What is an alt-tag?

An alt-tag is a description added to an image on a web page.

What does it do?

The alt-tag is the description that a screen reader reads aloud when the user gets to an image. This helps ensure that no ones misses out on the content of the page - even if they can't see it.

What makes a good alt tag?

Let's take a look at an example:

Two UA students in graduation gowns, standing with the University of Akron mascot - Zippy

A good Alt-Tag:

"Two smiling UA students in graduation gowns, standing outside in the springtime with the University of Akron mascot - Zippy"

This description tells us everything about the image - who they are, what they are doing, the context of the photo, when it was taken, etc.  Even without being able to see the image, a user could get a very good idea on what's going on in that photo.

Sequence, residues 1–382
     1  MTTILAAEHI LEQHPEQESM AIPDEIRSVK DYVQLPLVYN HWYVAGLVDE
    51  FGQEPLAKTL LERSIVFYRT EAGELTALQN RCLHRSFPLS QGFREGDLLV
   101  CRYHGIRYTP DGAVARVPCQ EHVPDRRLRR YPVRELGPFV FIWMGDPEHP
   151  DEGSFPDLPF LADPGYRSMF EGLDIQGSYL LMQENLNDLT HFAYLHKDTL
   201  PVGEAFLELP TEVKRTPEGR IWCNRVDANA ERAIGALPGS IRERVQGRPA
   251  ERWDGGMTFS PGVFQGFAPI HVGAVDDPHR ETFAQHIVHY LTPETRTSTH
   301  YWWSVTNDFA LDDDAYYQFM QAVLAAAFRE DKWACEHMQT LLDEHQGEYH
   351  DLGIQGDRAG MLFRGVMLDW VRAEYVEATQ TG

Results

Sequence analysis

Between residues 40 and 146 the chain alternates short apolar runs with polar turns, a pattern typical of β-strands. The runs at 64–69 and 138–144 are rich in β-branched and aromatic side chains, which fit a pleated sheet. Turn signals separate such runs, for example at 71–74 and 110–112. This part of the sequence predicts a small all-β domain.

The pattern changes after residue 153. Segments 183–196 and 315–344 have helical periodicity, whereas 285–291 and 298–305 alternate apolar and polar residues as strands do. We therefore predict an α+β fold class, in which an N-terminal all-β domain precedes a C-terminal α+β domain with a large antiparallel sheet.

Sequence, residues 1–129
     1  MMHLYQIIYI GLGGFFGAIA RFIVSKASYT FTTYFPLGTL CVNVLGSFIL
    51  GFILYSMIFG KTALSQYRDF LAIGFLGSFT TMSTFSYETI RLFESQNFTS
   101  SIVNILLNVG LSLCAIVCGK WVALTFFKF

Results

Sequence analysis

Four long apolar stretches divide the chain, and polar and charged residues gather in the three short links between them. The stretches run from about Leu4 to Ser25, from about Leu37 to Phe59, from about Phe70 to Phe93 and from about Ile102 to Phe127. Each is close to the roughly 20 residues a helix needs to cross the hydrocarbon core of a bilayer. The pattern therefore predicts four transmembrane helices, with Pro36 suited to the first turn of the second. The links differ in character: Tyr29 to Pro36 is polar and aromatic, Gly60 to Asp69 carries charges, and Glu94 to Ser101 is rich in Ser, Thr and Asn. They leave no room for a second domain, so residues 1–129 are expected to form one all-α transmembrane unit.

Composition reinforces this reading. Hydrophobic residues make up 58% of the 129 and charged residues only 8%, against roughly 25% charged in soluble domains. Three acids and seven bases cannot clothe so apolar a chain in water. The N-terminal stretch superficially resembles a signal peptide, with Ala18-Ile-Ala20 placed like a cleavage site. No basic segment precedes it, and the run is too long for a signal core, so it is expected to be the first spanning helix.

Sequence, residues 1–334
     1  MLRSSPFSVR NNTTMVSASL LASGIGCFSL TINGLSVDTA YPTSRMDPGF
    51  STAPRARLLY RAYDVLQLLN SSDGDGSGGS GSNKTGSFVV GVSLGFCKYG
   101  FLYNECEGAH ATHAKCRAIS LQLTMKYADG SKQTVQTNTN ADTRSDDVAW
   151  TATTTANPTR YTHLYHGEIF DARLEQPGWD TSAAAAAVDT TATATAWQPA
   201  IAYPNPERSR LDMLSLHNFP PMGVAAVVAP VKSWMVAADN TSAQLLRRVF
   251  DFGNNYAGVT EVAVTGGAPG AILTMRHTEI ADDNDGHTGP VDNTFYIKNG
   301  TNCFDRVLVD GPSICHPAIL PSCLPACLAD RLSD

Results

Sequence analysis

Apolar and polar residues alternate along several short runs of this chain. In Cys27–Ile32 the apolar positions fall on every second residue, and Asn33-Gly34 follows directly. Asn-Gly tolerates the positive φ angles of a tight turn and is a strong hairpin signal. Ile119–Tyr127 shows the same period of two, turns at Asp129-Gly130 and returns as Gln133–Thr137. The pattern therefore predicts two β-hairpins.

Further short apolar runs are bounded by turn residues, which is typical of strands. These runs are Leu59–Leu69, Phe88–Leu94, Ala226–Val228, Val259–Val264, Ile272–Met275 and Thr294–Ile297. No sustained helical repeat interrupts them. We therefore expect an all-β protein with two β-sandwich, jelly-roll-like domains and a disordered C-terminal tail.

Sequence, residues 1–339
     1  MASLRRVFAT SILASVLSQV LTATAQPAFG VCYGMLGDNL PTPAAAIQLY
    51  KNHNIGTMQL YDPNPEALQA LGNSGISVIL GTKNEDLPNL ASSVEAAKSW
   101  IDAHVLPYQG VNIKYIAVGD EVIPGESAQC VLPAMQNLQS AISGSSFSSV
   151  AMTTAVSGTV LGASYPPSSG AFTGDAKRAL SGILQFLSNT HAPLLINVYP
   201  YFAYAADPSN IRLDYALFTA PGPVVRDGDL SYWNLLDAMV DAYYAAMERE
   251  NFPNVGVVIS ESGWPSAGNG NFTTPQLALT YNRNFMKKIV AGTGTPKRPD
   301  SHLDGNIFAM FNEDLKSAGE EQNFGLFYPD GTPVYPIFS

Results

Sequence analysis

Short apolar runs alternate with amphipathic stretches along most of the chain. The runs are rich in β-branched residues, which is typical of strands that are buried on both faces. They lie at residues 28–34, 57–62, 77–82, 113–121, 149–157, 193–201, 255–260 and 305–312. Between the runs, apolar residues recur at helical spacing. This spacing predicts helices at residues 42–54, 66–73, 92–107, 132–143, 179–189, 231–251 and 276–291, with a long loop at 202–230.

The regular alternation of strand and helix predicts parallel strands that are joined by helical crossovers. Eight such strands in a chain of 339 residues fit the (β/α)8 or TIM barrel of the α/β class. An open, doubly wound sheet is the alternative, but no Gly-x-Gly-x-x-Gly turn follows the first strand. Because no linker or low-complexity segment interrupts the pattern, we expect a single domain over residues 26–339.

Alt-Tags that need work:

  • [blank]
    • Leaving the image description blank means that the screen reading programs have nothing to work with.
  • the file name - 050811109.jpg
    • It might mean something to you, but the file name isn't going to help our users.
  • "UA students"
    • Technically correct, but missing out on the context of the image.  A few extra words can add a great deal of meaning to the photo and make it more useful.

How long should my alt tag description be?

The most popular screen readers cut off alt text at around 125 characters.

Where do we add the alt tags?

When adding the image to a dotCMS page, add the text to the Image Description field:

Screenshot of the dotCMS prompt to add images to a webpage